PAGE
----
To be sure, the U.S. leadership knows what it wants, namely to preserve a status quo that has served the region well for seventy years. Yet conserving a status quo betokens a static, reactive strategic vision. Washington is stuck trying to adapt to a strategic setting China has repeatedly altered through bewildering actions.

If you’re China and covet the South China Sea, fast transients include proclaiming, loudly and often, that sea and sky belong do you—never mind solemn covenants and longstanding custom that say otherwise. It includes deploying your coast guard and fishing fleet as policy implements of choice—baffling rivals like America that are accustomed to confronting navies rather than white hulls or seagoing militiamen. And it includes dredging island air and naval stations out of the seafloor while insisting it’s no big deal.

In short, Chinese officialdom has taken offbeat measures to consolidate its hold on the South China Sea while branding its actions as harmless. In so doing it plays on Washington’s well-known aversion to confronting Beijing. In Boyd’s OODA parlance, that aversion constitutes a self-imposed impediment to observing events accurately and orienting strategy to manage them. Strategic drift delays American countermeasures that might confound Beijing’s slow-motion effort to abolish the regional order.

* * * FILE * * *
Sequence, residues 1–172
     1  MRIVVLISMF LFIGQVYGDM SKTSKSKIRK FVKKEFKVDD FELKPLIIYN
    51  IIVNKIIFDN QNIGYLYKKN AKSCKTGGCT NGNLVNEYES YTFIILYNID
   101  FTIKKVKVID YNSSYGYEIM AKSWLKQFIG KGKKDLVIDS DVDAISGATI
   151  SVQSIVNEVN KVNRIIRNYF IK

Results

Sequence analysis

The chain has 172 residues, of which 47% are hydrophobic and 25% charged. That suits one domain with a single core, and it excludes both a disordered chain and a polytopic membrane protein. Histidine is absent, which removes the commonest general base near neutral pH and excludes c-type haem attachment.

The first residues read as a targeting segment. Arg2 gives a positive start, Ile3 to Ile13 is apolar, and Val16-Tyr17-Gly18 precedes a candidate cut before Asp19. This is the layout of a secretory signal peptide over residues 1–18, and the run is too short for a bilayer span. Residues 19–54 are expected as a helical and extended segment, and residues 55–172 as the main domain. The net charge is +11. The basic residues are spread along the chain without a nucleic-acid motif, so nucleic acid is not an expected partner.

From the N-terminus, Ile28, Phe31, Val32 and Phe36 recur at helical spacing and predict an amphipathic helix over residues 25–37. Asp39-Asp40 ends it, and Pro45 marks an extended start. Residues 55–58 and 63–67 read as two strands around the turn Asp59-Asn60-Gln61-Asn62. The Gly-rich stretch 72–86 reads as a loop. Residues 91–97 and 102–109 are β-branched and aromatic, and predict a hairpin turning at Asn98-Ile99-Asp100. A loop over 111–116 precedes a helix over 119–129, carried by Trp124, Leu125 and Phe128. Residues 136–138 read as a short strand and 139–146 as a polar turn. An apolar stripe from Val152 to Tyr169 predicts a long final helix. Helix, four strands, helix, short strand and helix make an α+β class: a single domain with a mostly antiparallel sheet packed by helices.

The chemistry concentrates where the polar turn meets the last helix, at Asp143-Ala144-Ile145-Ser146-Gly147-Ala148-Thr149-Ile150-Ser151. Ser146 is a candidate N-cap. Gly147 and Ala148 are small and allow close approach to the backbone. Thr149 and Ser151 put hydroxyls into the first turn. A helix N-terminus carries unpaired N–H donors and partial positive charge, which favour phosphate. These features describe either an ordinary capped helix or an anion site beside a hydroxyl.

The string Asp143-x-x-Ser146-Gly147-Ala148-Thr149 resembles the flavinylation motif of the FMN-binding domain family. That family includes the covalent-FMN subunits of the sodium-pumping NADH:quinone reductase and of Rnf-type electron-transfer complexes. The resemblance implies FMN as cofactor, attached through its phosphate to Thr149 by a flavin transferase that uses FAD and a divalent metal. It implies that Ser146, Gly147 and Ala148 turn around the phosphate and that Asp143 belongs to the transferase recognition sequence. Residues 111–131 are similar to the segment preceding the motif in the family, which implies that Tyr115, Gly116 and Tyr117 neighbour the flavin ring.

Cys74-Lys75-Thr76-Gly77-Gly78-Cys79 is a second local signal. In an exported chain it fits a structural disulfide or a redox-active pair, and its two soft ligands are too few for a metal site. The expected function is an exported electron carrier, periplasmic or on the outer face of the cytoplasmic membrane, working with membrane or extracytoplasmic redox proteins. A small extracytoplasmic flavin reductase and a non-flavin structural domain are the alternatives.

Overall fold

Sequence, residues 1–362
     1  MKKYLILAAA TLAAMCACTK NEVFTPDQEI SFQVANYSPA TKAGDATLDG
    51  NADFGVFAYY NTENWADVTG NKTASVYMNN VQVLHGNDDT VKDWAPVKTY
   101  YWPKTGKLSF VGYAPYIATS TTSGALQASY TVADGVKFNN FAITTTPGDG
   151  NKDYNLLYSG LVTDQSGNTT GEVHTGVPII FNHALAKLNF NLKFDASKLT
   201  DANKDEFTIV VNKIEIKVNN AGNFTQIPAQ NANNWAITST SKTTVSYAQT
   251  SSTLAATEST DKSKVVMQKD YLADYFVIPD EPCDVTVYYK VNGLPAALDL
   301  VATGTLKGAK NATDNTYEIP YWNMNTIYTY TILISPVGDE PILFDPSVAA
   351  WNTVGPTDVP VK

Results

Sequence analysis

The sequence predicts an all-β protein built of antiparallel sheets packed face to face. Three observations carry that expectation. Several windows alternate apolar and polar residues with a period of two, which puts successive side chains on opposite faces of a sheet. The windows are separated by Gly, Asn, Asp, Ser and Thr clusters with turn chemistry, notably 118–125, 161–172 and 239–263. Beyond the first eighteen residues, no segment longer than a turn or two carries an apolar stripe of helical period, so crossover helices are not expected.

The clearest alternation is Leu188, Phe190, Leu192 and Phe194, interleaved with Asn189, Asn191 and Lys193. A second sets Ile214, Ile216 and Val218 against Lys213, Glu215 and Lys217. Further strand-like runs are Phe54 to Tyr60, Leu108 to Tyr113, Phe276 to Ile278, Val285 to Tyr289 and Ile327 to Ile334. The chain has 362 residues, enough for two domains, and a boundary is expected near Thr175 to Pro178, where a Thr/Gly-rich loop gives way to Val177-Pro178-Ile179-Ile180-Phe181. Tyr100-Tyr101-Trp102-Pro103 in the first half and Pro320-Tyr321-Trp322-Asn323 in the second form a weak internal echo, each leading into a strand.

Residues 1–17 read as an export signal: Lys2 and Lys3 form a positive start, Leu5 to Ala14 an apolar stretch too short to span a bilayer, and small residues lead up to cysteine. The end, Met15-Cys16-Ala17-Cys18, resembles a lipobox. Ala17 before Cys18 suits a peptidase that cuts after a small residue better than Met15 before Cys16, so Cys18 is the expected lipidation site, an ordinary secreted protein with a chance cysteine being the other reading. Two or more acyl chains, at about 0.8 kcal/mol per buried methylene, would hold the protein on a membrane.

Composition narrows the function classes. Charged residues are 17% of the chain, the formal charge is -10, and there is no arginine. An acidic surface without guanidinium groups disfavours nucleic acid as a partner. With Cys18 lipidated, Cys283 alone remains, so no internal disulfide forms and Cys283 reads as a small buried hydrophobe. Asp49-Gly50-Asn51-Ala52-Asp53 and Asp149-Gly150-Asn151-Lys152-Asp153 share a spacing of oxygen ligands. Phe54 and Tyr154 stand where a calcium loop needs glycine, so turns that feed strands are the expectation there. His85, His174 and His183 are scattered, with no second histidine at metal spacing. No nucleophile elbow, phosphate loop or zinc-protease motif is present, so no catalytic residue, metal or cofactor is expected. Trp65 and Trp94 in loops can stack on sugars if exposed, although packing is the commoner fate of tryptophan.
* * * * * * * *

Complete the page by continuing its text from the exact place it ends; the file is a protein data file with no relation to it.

The more U.S. policymakers console themselves that the current slate of half-measures is “complicating Chinese calculations,” and the more they heed scholars who espouse a “long pause” before confronting China, the happier Beijing is. Time is China’s friend.

Now let’s conscript a Prussian soldier—and one of Boyd’s intellectual north stars—to help the U.S. leadership orient itself to the new normal China is busily constructing. Carl von Clausewitz declares that “The first, the supreme, the most far-reaching act of judgment that the statesman and commander have to make is to establish by that test the kind of war on which they are embarking; neither mistaking it for, nor trying to turn it into, something that is alien to its nature.”